Eagle County airport moves toward international flights
Aspen, CO Colorado
EAGLE COUNTY, Colo. – Direct international flights into the Eagle County Regional Airport could happen as early as next winter.
Talks of building an international terminal at the airport have been going on since 2006, and the talking has been getting a lot more serious in recent months. It would likely be years before an international terminal could get built, but flights out of Canada that pre-clear customs while still in Canada could be landing in Eagle soon.
“I think with some finesse and some joining of hands with the stakeholders, it could be accomplished in the short-term,” said Vail Mountain Marketing Director Adam Sutner.
The Eagle County airport and Vail Valley Jet Center hired The Boyd Group, an aviation consulting firm, last year to study what international arrivals might look like at the Eagle County Airport.
The study was recently completed and found a number of pros and cons for a terminal that could accommodate international commercial and charter flights during the winter months, said Mike Boyd, one of the consultants.
“The Vail Valley is a world class resort right now, so having (an international terminal) would be very important, if not a necessity,” Boyd said. “This is a world-class destination and a world-class facility where people will be flying in their business jets, which would be important for the community.”
The Boyd Group study shows that direct flights from Europe are impossible as planes have to stop to refuel before reaching Eagle. Stopping to refuel without having to deplane passengers and their baggage is an attractive option, however.
International flights from Europe could make that refueling stop quickly, and avoid the “unpleasantness of deplaning everybody,” and then clear customs in Eagle if the international terminal existed, said Paul Gordon, president of the Vail Valley Jet Center.
“I think our facility will help facilitate the ease of travel into Vail – it would be a great asset for our community,” Gordon said.
Mexico and Canada are Vail and Beaver Creek’s top two destination markets and nonstop flights that don’t need to stop for fuel along the way are possible from both markets.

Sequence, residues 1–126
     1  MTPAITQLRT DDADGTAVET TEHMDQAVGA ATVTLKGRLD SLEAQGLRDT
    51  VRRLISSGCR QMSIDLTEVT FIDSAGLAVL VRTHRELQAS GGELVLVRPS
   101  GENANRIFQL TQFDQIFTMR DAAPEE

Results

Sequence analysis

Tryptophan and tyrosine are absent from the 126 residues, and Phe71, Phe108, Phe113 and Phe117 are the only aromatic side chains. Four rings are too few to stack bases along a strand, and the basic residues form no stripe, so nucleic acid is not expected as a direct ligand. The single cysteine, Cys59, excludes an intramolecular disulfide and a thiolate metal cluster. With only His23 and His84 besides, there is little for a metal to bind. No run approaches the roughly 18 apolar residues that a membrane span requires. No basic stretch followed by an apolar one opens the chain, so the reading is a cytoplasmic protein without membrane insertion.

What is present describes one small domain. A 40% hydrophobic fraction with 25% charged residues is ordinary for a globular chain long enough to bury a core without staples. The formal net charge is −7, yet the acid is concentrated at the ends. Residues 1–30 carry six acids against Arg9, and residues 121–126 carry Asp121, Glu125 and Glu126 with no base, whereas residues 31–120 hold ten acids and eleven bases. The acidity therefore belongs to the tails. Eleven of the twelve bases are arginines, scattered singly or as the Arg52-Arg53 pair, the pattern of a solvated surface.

“You’re competing with a lot of places for high-end international ski traffic, and you want to make sure that Vail is a place you can get in and get out of real quickly,” Boyd said. “It’s a destination resort and destination resorts need certain things to compete globally.”
Other North American ski resorts might have an international airport close by – Utah resorts and Whistler, British Columbia, are examples – but for regional airports that specifically serve ski resort towns, Eagle would be the first, said Kent Myers, president of Airplanners, an Avon-based air program manager for community airports around the country.
Simply having a nonstop flight into the airport isn’t necessarily enough to steal market share, though.
Sutner said he thinks the potential for the demand is out there, but the stakeholders – Vail Resorts, local governments, banks, hotels, hospitality companies and other organizations that make up the Eagle Air Alliance – haven’t fully validated the day-in and day-out demand that it would take to sustain regularly scheduled flights.
“It’s one thing to build an international terminal, and another thing to have daily flight service there from the various markets,” Sutner said.
The timing of building such a terminal soon is perfect, though, because ski business in the United States is changing, Sutner said. He said the extent to which Vail Resorts is looking overseas for growth is significant.
Airport officials and other stakeholders will now go over The Boyd Group findings to determine the next steps. Gordon said Vail Valley Jet Center and the airport are in a “business development phase for the international terminal.”
The stakeholders have hired Lucy Kay, the former chief operating officer for Breckenridge, as the project manager for what’s being called the “Eagle International Arrivals Project.”
The Boyd Group thought there was plenty of demand for scheduled international air service, which is nice to know from a commercial airline standpoint, Gordon said.
“We need to meet with Vail Resorts and a lot of the hotel community – all the groups – to really dive into what the market looks like,” Gordon said.
Sutner said the commitment is so extensive that the project has to be shared. There are financial, political, marketing, infrastructure and other pieces that have to come together.
“I don’t think any single stakeholder can pull it off on their own,” Sutner said.
Estimates for remodeling the airport to include an international terminal are around $2.5 million, not including about $700,000 in annual costs to run the facility, Gordon said.
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